of the trees, as floating springtime pollen often seems as thick as
snow.

Restoring animal populations is also complicated. Turtles, which are
both revered and consumed in China, were decimated in the wild by
pollution and hunting. Traders quickly pushed into Southeast Asia,
India and even the United States to meet demand.

“In conservation terms, it became a crisis,” said Dr. Pritchard, the
American expert. “It was first noticed six or seven years ago. The
China market had become packed with turtles not from China.”

In fact, Chinese markets teemed with animals, or animal parts, from
around the world. Today, conservationists express particular concern
about the illegal trade in tiger parts. China has signed an
international treaty banning domestic trade of tiger parts, but tiger
conservation groups say the illegal demand in China is a major reason
for the decline of tigers around the world.

Meanwhile, conservationists worry that officials may one day reopen
the tiger trade to appease Chinese businessmen who had run tiger
breeding farms to produce parts for Chinese traditional medicine.

Turtles, meanwhile, have made a comeback with the emergence of
breeding farms. Captive breeding also is now a popular government
response for certain endangered species. But many conservationists
worry that too little emphasis is placed on restoring habitat so that
animals can be returned to the wild. More than 10,000 Chinese
alligators have been bred, but reintroducing them to the wild has
largely failed.

Conservationists say environmental policies need to better take
biodiversity into account. Reforestation, for example, was largely an
effort to stop soil erosion, which contributed to floods, and to stall
desertification, the conversion of the land into a desert. The idea of
creating a true forest was not a priority.

Meanwhile, economic development still dominates. China’s richest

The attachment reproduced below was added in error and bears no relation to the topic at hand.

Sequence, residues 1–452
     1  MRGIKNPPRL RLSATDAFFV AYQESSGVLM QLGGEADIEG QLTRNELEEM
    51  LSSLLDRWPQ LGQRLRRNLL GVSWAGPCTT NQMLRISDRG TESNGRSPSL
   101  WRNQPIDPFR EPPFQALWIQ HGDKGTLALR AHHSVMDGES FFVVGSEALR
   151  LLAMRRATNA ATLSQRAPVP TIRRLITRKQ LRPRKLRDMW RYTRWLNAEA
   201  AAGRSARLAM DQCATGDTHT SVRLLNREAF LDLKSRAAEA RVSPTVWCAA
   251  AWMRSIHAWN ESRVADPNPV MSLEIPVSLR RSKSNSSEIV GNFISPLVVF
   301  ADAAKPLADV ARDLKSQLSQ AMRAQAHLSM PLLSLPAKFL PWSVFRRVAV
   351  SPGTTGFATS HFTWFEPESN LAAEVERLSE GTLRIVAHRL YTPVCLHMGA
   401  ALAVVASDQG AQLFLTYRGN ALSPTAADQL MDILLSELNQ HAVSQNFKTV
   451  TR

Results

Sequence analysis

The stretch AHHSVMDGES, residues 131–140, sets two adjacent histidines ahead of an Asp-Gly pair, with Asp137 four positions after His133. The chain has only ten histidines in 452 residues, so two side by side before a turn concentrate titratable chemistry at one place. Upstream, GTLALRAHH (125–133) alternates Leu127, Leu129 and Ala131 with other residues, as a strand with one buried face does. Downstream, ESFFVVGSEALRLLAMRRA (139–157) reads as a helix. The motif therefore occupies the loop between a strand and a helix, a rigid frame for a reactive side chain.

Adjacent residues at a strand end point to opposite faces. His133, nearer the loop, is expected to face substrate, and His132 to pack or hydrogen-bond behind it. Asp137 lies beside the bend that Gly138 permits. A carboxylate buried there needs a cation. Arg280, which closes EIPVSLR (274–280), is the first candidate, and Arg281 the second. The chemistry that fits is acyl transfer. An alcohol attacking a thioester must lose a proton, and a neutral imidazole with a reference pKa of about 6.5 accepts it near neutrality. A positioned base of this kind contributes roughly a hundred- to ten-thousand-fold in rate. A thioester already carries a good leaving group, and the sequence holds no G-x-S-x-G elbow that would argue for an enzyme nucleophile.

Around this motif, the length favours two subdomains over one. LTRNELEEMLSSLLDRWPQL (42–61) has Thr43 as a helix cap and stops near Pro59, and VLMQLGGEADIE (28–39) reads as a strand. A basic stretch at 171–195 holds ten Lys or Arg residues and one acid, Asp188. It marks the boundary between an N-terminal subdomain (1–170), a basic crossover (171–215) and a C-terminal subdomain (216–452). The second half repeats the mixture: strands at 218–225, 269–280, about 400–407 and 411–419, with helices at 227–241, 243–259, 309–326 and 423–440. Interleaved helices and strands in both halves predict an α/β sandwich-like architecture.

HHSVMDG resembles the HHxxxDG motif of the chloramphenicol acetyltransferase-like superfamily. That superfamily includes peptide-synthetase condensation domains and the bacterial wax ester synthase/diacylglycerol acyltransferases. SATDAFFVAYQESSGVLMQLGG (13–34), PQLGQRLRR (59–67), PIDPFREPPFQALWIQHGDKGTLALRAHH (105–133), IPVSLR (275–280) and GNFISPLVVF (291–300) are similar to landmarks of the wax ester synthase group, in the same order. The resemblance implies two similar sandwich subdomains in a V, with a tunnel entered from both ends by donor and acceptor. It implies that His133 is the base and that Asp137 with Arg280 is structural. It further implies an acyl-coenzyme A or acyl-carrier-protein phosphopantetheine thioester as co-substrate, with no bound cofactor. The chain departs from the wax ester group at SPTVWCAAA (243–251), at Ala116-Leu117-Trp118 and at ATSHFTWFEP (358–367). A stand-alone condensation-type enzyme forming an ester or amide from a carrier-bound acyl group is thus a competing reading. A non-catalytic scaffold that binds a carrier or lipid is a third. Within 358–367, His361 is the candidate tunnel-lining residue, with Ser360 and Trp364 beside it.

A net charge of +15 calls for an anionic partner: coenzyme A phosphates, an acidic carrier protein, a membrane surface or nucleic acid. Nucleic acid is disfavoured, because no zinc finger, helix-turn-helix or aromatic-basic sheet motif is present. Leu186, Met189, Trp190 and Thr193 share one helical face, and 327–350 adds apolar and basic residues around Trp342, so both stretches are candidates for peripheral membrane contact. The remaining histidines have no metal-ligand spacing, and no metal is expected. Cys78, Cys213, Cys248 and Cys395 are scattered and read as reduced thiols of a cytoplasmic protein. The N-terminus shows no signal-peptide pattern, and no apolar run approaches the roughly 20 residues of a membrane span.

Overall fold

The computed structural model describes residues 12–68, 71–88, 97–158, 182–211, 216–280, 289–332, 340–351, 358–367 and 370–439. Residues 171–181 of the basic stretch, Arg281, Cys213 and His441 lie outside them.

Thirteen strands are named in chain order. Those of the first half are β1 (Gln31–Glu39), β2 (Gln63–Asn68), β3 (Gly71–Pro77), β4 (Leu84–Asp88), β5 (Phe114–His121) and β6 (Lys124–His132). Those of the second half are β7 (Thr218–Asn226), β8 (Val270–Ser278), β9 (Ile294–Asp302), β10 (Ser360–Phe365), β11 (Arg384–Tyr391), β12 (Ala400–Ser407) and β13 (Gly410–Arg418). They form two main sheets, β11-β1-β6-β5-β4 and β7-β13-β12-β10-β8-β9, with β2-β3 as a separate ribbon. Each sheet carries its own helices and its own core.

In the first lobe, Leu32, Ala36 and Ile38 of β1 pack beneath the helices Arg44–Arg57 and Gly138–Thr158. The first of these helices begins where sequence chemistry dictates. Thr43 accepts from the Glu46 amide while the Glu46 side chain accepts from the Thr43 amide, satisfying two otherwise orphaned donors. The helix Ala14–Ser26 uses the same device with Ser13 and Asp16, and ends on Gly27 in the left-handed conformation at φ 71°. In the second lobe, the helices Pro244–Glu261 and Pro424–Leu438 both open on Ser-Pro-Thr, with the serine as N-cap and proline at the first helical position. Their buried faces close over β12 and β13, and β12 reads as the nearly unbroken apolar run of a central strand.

source of biodiversity is a “hot spot” in southwestern China along the
Nu River designated by Unesco
as a World Heritage Site. Even so, provincial officials are trying to
build a system of dams through the region. Local officials also have
tried to redraw the boundaries for the World Heritage Site in order to
create room for mining.

Conservationists are trying to speak the language of economics to
build political support for protecting habitat. Rice demand is growing
rapidly, even as farmland is dwindling. For decades, Chinese scientists
have used wild rice species to develop hybrids that increase
production. Now, development and farming are encroaching on wild rice
habitat areas in coastal southern China.

“If we let it go unchecked,” Dr. Lu, the Peking University
professor, wrote in a report about biodiversity, “Chinese wild rice
will become extinct in fifteen years.”

Success Far From Certain

Extinction remains a far more immediate possibility for the Yangtze
giant soft-shell. Next year, scientists will make a search in
southwestern China in hopes of finding another Yangtze giant soft-shell
in the wild.

In September, the Changsha and Suzhou zoos finally reached a deal.
Neither wanted to move its turtle. But each agreed that scientists
could attempt artificial insemination next spring. Each also signed a
contract entitling a certain number of offspring for each zoo —
potential stud turtles for future captive breeding programs.

Gerald Kuchling, a herpetologist overseeing the procedure, said
success was far from guaranteed. Several years ago, a tortoise in
Hawaii died after a similar procedure. In May, Dr. Kuchling conducted
an ultrasound examination of the ovaries of the female turtle in
Changsha. For years, she has laid unfertilized eggs in springtime,
though zookeepers say the number has steadily diminished, to about 20.

“The main problem is really to get a viable sperm sample from the
old male without harming him in any way,” said Dr.. Kuchling, who added
that using small electric shocks is one common method for eliciting a
sample. Manual massage is another.

In Changsha, zoo officials moved the turtle into a private pool for
better security and monitoring. But experts are concerned that
zookeepers are now warming the water inside the pool during winter,
even though it spent decades in the colder pond outside. They also are
concerned that the pool has no mud to allow the turtle to hibernate.

Under China’s system, the Ministry of Agriculture has oversight of
the turtle. So far, the ministry has agreed to provide 200,000 yuan, or
about $27,000, though none of the money has arrived. Asked for an
interview in October, the ministry declined. But ministry officials
later contacted the zoos and persuaded them to sign a new deal.

It was decided that the Changsha turtle will be transported to
Suzhou next year. A special breeding pool is supposed to be built.
First, scientists will try artificial insemination. If that fails, the
two elderly turtles will give it a go the old-fashioned way.

The fate of a species hangs in the balance.

Ma Yi contributed research.

Ma Yi contributed research.